STATEWIDE -- The new year often sparks a desire for change and resolution. The Colorado Department of Transportation (CDOT), Colorado State Patrol (CSP) and local law enforcement agencies will again share the resolution to keep Colorado roads safe in 2021 with a series of The Heat Is On enforcement periods. The agencies will work together during 16 high-visibility DUI enforcement efforts, beginning with the Winter Blitz DUI enforcement from Jan. 15-25.
Ninety-two agencies plan to boost DUI patrols during Winter Blitz. Last year, 588 arrests were made during the same enforcement period. More recently, a total of 167 impaired drivers were arrested during the New Year’s Eve DUI enforcement period from Dec. 29 to Jan. 2.
Current enforcement period plans for local areas are available at codot.gov/safety/traffic-safety-reporting-portal. Arrest totals are also available at that link.
“DUI’s go beyond short-term impacts like fees, fines, and court appearances. Each year thousands of Coloradoans experience the long-term shock waves from a DUI including driver’s license revocation, employment impacts, higher insurance rates, not to mention potential jail time. The good news is that DUIs are entirely preventable,” said Chief Matthew Packard, Colorado State Patrol. “Our 2021 enforcement efforts will continue to include sobriety checkpoints, increased officers on duty, and concentrated patrols in high-risk areas to catch those that fail to think about the short and long-term impacts of driving while impaired.”
During the 16 heightened enforcement periods in 2020, 6,157 DUI arrests were made in Colorado. Also, 203 people were killed by suspected impaired drivers in 2020, up from 176 in 2019.
“Bringing everyone home safely remains our number one goal,” said Darrell Lingk, CDOT Highway Safety Office Director. “DUI enforcement periods are critical in supporting a system-wide change to reduce death and injury for the traveling public.”
Although a major holiday season has come to an end, the state is still asking people to closely follow the evolving COVID-19 safety guidelines as a part of their daily routines. As restaurants, work spaces and other public areas increase capacity, remember to always wear a mask if you are out in public and stay six feet apart from others.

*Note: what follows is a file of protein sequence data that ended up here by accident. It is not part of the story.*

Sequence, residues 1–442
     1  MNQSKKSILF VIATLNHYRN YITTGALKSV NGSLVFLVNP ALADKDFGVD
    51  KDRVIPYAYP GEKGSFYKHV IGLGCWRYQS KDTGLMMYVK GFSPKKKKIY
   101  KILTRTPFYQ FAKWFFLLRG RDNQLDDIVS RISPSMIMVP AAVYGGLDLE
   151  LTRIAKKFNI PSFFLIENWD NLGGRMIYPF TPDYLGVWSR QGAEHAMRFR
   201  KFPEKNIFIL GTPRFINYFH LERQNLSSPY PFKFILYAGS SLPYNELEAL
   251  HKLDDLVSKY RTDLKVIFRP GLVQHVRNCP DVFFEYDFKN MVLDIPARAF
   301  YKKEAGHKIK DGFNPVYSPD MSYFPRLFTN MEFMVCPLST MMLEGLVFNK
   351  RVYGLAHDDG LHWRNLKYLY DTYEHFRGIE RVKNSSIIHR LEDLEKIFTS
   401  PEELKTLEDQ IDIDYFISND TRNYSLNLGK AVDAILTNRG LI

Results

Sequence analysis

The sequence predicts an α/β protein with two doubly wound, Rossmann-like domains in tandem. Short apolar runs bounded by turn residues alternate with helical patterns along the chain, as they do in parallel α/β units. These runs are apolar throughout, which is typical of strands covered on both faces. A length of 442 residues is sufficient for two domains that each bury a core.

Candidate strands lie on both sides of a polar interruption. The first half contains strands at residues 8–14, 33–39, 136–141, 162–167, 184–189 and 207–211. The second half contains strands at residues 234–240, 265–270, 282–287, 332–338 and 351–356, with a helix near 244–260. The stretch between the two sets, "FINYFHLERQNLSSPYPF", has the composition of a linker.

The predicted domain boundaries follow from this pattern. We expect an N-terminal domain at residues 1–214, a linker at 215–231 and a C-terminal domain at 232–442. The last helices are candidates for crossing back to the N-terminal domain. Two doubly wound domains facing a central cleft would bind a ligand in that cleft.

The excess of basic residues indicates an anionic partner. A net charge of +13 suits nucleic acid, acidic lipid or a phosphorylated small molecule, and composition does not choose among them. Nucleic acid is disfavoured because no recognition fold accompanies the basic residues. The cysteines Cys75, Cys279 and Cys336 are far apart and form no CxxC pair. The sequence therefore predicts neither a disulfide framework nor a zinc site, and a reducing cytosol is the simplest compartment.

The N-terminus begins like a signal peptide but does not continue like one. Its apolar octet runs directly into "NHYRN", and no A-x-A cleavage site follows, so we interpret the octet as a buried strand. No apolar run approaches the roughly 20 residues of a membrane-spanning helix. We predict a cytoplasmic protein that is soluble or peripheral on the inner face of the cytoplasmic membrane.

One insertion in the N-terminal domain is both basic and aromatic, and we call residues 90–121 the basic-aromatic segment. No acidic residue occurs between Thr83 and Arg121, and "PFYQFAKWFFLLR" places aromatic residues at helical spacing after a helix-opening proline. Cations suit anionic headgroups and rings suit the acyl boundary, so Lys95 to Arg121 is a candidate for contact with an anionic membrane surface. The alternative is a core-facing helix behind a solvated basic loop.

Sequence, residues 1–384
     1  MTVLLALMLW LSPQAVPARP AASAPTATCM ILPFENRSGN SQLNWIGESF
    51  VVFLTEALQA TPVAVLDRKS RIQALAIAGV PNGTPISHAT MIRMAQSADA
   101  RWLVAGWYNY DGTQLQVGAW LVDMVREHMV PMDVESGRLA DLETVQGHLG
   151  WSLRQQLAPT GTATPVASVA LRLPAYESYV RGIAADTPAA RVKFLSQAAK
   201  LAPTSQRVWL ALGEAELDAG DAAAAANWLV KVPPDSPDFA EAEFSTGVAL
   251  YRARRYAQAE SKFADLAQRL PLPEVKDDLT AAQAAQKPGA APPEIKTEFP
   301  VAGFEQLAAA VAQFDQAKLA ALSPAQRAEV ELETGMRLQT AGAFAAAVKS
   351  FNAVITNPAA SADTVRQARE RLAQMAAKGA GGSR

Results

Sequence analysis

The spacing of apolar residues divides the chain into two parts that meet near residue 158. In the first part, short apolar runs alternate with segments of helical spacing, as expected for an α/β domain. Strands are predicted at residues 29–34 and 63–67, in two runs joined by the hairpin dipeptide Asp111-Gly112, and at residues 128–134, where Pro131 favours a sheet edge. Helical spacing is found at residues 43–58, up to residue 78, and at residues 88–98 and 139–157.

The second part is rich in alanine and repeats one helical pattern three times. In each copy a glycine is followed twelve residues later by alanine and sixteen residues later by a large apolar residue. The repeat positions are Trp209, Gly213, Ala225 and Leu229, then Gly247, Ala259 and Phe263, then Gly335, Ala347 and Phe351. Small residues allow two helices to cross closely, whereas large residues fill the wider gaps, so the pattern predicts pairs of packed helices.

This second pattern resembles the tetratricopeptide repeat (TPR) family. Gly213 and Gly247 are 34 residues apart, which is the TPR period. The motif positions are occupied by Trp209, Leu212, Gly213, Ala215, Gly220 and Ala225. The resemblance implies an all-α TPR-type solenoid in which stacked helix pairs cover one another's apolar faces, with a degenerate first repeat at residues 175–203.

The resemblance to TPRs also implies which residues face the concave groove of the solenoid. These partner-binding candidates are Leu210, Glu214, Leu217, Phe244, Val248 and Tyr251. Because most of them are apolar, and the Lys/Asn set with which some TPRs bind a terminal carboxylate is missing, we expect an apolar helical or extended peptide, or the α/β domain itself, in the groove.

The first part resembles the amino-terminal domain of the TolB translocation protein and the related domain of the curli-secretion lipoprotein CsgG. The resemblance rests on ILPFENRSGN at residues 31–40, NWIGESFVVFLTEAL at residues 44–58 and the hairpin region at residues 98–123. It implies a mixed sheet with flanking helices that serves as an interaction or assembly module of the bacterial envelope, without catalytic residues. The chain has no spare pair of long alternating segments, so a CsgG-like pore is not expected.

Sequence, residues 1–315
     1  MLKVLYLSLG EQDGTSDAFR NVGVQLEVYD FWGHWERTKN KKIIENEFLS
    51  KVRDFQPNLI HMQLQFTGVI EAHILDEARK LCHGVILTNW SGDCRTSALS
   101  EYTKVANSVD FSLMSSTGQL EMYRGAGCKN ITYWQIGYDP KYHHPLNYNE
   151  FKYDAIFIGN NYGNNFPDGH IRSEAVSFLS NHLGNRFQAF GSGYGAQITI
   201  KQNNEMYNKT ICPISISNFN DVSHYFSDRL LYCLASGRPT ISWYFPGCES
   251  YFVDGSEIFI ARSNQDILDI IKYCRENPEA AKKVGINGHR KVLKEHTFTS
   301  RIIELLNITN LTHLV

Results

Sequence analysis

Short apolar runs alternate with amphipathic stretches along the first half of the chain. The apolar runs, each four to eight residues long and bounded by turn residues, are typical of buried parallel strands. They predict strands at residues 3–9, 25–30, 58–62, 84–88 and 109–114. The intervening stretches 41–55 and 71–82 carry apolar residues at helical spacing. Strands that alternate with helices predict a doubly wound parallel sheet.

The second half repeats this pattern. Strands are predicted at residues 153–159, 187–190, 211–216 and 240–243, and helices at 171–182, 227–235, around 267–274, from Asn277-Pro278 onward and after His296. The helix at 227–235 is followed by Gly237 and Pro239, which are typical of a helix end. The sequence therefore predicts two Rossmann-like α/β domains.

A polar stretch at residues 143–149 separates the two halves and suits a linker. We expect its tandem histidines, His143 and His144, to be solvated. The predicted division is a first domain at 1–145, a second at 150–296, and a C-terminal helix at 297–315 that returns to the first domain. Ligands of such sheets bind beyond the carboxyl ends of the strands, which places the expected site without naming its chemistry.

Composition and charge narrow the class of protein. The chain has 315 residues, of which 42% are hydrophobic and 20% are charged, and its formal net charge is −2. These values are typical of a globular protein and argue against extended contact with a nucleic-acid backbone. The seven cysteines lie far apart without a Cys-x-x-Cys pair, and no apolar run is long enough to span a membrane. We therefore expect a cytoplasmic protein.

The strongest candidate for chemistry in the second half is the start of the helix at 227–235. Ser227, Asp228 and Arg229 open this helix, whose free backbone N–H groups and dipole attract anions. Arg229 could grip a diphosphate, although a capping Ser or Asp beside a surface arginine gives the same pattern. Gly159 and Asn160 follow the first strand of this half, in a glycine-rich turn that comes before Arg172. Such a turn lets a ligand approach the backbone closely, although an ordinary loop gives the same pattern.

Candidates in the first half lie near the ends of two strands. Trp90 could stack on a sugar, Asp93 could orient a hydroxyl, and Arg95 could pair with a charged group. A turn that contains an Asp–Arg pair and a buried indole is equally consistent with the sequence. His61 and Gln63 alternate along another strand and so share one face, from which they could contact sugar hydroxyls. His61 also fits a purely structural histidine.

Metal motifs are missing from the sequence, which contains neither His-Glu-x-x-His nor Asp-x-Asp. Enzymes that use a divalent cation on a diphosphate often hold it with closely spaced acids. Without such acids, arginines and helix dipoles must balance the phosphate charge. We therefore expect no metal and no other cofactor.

In December, CDOT and the Governor’s Highway Safety Administration (GHSA) helped Coloradans plan sober rides by providing free Lyft ride codes valued at $10 each throughout December as part of the “Gift of Lyft” campaign. More than 350 credits were claimed in Denver, Colorado Springs and Thornton — areas where DUI fatalities were the highest in 2019.
CDOT provides funding to Colorado law enforcement for impaired driving enforcement, education and awareness campaigns. The Heat Is On campaign runs throughout the year, with 16 specific high-visibility impaired driving enforcement periods centered on national holidays and large public events. Enforcement periods can include sobriety checkpoints, saturation patrols and additional law enforcement on duty dedicated to impaired driving enforcement. Learn more about CDOT’s dedication to keeping Colorado roads safe, including impaired driving enforcement objectives, arrest data and safety information at codot.gov/safety. Find more information about the campaign at HeatIsOnColorado.com. More information about DUI laws in Colorado can be found at NoDUIColorado.org.
ABOUT THE HEAT IS ON
The CDOT Highway Safety Office provides funding to Colorado law enforcement for impaired driving enforcement, education and awareness campaigns. The Heat Is On campaign runs throughout the year, with 16 specific high-visibility impaired driving enforcement periods centered on national holidays and large public events. Enforcement periods can include sobriety checkpoints, saturation patrols and additional law enforcement on duty dedicated to impaired driving enforcement. Find more information about the campaign at HeatIsOnColorado.com.
WHOLE SYSTEM. WHOLE SAFETY.
In early 2019, CDOT announced its Whole System — Whole Safety initiative to heighten safety awareness. This initiative takes a systematic, statewide approach to safety combining the benefits of CDOT’s programs that address driving behaviors, our built environment and the organization’s operations. The goal is to improve the safety of Colorado’s transportation network by reducing the rate and severity of crashes and improving the safety of all transportation modes. The program has one simple mission—to get everyone home safely.
CDOT has approximately 3,000 employees located at its Denver headquarters and in regional offices throughout Colorado, and manages more than 23,000 lane miles of highway and 3,429 bridges. CDOT also manages grant partnerships with a range of other agencies, including metropolitan planning organizations, local governments and airports. It also administers Bustang, the state-owned and operated interregional express service. Gov. Polis has charged CDOT to further build on the state’s intermodal mobility options.